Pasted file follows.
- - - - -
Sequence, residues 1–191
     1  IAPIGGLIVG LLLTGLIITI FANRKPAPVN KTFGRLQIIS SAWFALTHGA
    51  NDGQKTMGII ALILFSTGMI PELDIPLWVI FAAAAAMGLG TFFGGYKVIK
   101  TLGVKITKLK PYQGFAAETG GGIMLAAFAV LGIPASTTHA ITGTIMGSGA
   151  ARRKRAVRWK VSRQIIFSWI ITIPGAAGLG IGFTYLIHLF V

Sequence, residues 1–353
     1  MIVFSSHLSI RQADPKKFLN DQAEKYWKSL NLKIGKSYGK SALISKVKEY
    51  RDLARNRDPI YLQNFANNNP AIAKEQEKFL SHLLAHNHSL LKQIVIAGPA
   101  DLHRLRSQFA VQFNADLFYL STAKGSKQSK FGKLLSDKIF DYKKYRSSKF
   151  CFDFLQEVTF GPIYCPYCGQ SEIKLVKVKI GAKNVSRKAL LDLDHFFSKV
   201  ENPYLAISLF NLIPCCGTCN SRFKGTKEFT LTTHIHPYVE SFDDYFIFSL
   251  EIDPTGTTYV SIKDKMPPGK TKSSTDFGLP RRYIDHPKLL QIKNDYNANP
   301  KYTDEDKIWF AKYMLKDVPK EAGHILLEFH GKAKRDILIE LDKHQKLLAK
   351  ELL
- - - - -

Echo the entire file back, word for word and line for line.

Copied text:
Sequence, residues 1–191
     1  IAPIGGLIVG LLLTGLIITI FANRKPAPVN KTFGRLQIIS SAWFALTHGA
    51  NDGQKTMGII ALILFSTGMI PELDIPLWVI FAAAAAMGLG TFFGGYKVIK
   101  TLGVKITKLK PYQGFAAETG GGIMLAAFAV LGIPASTTHA ITGTIMGSGA
   151  ARRKRAVRWK VSRQIIFSWI ITIPGAAGLG IGFTYLIHLF V

Sequence, residues 1–353
     1  MIVFSSHLSI RQADPKKFLN DQAEKYWKSL NLKIGKSYGK SALISKVKEY
    51  RDLARNRDPI YLQNFANNNP AIAKEQEKFL SHLLAHNHSL LKQIVIAGPA
   101  DLHRLRSQFA VQFNADLFYL STAKGSKQSK FGKLLSDKIF DYKKYRSSKF
   151  CFDFLQEVTF GPIYCPYCGQ SEIKLVKVKI GAKNVSRKAL LDLDHFFSKV
   201  ENPYLAISLF NLIPCCGTCN SRFKGTKEFT LTTHIHPYVE SFDDYFIFSL
   251  EIDPTGTTYV SIKDKMPPGK TKSSTDFGLP RRYIDHPKLL QIKNDYNANP
   301  KYTDEDKIWF AKYMLKDVPK EAGHILLEFH GKAKRDILIE LDKHQKLLAK
   351  ELL